Dreamforce Musings (A Month Late)


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I go to many industry events in my job, and as the fall event season passes its peak, there is one event that has stayed with me a month after it was hosted. It’s Dreamforce – salesforce.com’s annual event, which was held on Sept 18-21 in San Francisco and which attracted more than 90,000 users (per salesforce.com’s count). It wasn’t the size that made this event noteworthy, even though it was the biggest event that salesforce.com had ever hosted. It wasn’t the energy that permeated the venue, the numerous DJs, the MC Hammer performance before Marc Benioff’s keynote, or even the theatre that surrounded every product keynote. It was the “positive-ness” that customers, both big and small, voiced at the event – positive-ness that made you believe in the “social enterprise” vision of the company, and that the company could deliver its ability to connect customers, partners, employees, and even products together.

Instead of focusing on features, functions, and product road maps, salesforce.com kept most messaging at the high level, hitting on the notes of “what do these applications do for me” and “why should I be interested?” Salesforce.com used customers and customer videos from the likes of Activision, Rossignol, GE, and Burberry, to name a few, to describe the real impact that salesforce.com has had on these companies. Some stories were down to earth – like Activision’s use of social channels to provide customer service to its customers. Some were more extreme – like GE’s using Chatter communities to monitor the health and performance of jet engines (engineers and products collaborating??).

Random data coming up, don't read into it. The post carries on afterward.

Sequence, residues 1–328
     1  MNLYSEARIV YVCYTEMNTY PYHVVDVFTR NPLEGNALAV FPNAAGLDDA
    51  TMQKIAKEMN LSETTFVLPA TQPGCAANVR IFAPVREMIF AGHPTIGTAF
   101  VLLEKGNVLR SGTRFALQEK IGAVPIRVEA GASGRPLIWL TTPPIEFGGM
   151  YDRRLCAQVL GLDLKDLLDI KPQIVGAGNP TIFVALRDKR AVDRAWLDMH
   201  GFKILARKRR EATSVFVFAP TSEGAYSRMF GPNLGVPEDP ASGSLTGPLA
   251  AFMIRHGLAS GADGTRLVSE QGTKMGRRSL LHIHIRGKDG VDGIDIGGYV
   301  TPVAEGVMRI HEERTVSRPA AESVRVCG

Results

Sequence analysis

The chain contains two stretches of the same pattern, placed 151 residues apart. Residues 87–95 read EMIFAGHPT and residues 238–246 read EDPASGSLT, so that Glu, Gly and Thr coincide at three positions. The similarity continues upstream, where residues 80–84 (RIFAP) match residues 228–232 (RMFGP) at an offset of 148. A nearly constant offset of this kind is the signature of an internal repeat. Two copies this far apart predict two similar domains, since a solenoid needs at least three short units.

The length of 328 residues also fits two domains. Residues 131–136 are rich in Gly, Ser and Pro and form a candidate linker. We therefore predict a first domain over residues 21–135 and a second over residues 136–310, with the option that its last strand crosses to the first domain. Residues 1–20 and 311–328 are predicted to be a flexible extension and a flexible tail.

Focusing on the tactical announcements that salesforce.com made for the Service Cloud, I found that there were no transformational capabilities announced – just a solidification of the company’s foundational offerings. Some announcements that caught my eye were the introduction of chatter communities for service to facilitate peer-to-peer engagement and escalation to assisted service, knowledge management enhancements, and case management enhancements (case feeds, email to case capture, customizations of case feeds, Chatter answers, proactive notifications, etc.), showing that salesforce.com is hardening its product and filling in the gaps of missing capabilities.

Dreamforce was a great event. And, pragmatically looking at the Service Cloud sessions, I thought they were a good balance between the tactical (like all the ICMI sessions of measurement and agent training), product content (like the road map presentations), and the pragmatic, near-term future of customer service and where it fits into the customer experience management ecosystem. This was all buoyed by the vision of the power of the social enterprise – a vision that Marc Benioff sells very well.

Republished with author's permission from original post.

Kate Leggett
Kate serves Business Process Professionals. She is a leading expert on customer service strategies. Her research focuses on helping organizations establish and validate customer service strategies strategies, prioritize and focus customer service projects, facilitate customer service vendor selection, and plan for project success.


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